Vitamin D fights Crohn’s Disease: Vitamin D deficiency in individuals may contribute to the development of Crohn’s disease, as suggested in this new research report.  Mismanagement of intestinal bacteria triggers an inflammatory response that develops into the autoimmune disorder.  The action of Vitamin D, as the study suggests, is to directly promote the expression of NOD2, which signals to the body of a microbial invasion.  NOD2 then activates NF-kappaB to induce expression of DEFB2 (defensin beta2), an anti-microbial peptide.  To further support Vitamin D’s role, both DEFB2 and NOD2 have been linked to Crohn’s disease in earlier studies.  This is significant to the management of the disease because Vitamin D deficiency is easy to test for through a simple blood test and Vitamin D supplements (and sunlight!) are readily available.  Dr. John White and his team at McGill University and the Université de Montréal published their study in the Journal of Biological Chemistry.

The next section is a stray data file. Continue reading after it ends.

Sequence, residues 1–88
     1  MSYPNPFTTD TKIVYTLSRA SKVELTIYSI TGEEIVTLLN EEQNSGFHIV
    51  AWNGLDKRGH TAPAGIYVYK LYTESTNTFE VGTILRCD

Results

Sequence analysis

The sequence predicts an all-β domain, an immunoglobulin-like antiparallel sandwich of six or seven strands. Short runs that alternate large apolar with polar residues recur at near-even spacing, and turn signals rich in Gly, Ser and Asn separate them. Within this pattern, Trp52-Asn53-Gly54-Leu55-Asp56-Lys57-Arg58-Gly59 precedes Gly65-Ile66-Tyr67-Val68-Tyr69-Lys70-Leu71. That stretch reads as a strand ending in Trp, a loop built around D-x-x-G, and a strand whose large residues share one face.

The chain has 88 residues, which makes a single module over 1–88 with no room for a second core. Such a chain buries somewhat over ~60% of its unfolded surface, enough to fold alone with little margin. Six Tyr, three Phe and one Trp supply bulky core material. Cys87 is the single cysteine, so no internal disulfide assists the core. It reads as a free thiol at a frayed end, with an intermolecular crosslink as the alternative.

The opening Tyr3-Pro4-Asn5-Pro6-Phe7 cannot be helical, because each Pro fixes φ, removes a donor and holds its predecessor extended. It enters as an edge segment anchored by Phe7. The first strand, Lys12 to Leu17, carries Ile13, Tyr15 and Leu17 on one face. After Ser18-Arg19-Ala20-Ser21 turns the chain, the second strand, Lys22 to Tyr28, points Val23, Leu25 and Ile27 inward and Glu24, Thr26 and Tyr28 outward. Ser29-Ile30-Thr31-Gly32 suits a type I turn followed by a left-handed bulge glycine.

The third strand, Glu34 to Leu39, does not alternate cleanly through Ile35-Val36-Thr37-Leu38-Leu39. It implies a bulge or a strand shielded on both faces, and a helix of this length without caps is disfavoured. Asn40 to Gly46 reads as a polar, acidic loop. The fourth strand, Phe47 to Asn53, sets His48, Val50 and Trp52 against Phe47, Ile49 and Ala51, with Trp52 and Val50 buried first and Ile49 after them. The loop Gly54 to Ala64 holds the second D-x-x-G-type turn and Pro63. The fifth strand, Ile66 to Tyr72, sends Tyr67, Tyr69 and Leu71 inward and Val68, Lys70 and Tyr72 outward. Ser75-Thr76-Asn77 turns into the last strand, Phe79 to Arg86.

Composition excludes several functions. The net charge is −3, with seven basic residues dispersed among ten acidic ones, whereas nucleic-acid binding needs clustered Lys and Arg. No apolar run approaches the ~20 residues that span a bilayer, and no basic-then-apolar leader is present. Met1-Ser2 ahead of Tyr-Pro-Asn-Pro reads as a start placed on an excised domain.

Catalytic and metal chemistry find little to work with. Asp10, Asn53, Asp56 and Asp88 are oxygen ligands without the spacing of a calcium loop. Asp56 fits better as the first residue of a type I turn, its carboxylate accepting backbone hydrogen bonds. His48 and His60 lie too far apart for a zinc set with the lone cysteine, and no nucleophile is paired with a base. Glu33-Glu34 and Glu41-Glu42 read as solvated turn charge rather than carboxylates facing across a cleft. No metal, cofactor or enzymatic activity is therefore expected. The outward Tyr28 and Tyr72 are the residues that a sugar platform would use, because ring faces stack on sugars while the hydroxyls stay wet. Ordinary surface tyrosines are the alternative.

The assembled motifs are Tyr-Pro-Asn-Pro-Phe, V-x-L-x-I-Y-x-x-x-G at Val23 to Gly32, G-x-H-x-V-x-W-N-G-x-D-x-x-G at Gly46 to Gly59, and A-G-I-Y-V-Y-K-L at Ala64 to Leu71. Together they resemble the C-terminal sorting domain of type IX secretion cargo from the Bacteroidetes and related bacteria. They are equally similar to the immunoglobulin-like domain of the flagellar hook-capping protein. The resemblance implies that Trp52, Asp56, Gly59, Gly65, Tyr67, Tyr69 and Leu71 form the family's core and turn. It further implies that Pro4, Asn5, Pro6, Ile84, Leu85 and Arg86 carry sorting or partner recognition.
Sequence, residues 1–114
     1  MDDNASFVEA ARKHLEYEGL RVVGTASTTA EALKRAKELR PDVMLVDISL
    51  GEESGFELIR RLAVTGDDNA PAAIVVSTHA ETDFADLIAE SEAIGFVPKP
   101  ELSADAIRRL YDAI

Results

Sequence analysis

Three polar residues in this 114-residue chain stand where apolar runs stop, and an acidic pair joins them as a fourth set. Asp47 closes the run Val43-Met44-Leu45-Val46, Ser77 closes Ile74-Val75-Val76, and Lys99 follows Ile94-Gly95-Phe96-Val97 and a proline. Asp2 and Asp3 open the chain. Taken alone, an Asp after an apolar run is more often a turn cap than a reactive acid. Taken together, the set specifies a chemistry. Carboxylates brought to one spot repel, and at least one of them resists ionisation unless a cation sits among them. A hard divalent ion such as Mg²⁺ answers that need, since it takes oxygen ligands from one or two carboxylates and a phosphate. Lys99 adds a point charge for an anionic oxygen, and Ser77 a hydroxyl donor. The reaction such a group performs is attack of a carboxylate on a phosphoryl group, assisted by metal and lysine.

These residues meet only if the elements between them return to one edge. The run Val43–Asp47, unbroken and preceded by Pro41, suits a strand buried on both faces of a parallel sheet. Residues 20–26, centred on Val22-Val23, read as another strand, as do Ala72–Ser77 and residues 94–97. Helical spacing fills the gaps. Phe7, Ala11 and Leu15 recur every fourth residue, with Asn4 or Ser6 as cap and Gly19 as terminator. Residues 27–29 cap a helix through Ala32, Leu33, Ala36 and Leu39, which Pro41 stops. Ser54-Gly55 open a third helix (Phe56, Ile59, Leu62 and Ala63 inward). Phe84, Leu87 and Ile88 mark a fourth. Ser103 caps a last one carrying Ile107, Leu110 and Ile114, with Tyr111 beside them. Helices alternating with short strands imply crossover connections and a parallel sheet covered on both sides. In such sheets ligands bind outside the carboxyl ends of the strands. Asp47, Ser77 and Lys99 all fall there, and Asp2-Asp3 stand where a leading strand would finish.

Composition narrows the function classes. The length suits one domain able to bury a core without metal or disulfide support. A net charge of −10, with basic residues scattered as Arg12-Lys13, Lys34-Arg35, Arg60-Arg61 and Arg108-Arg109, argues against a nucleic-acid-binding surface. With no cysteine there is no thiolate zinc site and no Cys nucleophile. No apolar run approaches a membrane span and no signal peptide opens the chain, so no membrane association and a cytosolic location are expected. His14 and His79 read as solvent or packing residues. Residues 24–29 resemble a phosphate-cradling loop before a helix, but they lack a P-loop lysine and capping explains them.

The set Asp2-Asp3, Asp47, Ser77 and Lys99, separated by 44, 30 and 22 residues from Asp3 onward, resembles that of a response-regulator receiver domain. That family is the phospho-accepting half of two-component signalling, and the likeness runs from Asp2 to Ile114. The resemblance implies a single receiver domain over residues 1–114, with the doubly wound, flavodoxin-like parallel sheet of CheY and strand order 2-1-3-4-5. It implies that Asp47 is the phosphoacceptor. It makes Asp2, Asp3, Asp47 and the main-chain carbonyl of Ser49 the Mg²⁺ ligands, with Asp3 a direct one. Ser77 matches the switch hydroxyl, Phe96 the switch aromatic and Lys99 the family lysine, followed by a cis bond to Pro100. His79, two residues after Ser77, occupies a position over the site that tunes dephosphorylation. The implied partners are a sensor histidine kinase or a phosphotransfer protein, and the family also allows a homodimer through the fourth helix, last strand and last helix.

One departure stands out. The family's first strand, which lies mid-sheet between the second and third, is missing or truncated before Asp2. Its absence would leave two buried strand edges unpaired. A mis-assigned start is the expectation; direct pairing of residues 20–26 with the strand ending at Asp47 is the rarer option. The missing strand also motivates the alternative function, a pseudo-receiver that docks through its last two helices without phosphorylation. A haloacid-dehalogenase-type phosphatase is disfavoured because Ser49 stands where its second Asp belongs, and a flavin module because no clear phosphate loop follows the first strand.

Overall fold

Friday Science Review: October 23, 2009

A lucky find and two very different genomics projects…

Connective Tissue Disorder Linked to Defects in Ltbp4:  A McGill University researcher collaborating on two independent projects, one from Washington University School of Medicine and the other from New York University School of Medicine, made the coincidental link between the two after realizing that the tissue defects were identicalDr. Elaine Davis, an electron microscopy expert at McGill, analyzed tissue from children born with abnormally developed lungs, gastrointestinal and urinary systems, skin, skull, bones and muscles.  The underlying cause is a connective tissue disorder called cutis laxa that also causes skin to hang loosely from the body.  At the same time, Dr. Davis was analyzing tissue taken from Ltbp4 gene knockout mice from New York University when she realized that the connective tissue defects in the human and mouse samples were identical.  This connection was confirmed when they sequenced the Ltbp4 gene in human patients and discovered recessive mutations.  With this discovery, they now have a molecular target to understand the disease and to design therapeutic strategies.  The study is reported in The American Journal of Human Genetics.